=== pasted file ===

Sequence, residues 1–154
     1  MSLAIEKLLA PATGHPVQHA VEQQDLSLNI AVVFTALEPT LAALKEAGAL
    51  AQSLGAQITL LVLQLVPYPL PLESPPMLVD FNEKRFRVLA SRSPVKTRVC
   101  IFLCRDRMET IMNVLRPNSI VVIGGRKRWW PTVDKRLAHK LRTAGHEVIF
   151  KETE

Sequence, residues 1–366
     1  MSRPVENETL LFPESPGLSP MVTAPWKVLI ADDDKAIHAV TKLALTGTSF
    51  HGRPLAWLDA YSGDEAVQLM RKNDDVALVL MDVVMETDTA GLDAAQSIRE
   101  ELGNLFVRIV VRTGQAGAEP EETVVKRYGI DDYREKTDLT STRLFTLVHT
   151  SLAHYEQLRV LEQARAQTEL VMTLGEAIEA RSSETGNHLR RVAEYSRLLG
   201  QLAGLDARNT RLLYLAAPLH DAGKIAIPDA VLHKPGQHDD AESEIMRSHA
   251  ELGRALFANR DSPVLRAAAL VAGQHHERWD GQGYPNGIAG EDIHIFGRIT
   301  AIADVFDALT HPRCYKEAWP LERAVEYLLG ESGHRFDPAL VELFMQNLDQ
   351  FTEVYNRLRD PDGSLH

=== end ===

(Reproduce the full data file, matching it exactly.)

Sequence, residues 1–154
     1  MSLAIEKLLA PATGHPVQHA VEQQDLSLNI AVVFTALEPT LAALKEAGAL
    51  AQSLGAQITL LVLQLVPYPL PLESPPMLVD FNEKRFRVLA SRSPVKTRVC
   101  IFLCRDRMET IMNVLRPNSI VVIGGRKRWW PTVDKRLAHK LRTAGHEVIF
   151  KETE

Sequence, residues 1–366
     1  MSRPVENETL LFPESPGLSP MVTAPWKVLI ADDDKAIHAV TKLALTGTSF
    51  HGRPLAWLDA YSGDEAVQLM RKNDDVALVL MDVVMETDTA GLDAAQSIRE
   101  ELGNLFVRIV VRTGQAGAEP EETVVKRYGI DDYREKTDLT STRLFTLVHT
   151  SLAHYEQLRV LEQARAQTEL VMTLGEAIEA RSSETGNHLR RVAEYSRLLG
   201  QLAGLDARNT RLLYLAAPLH DAGKIAIPDA VLHKPGQHDD AESEIMRSHA
   251  ELGRALFANR DSPVLRAAAL VAGQHHERWD GQGYPNGIAG EDIHIFGRIT
   301  AIADVFDALT HPRCYKEAWP LERAVEYLLG ESGHRFDPAL VELFMQNLDQ
   351  FTEVYNRLRD PDGSLH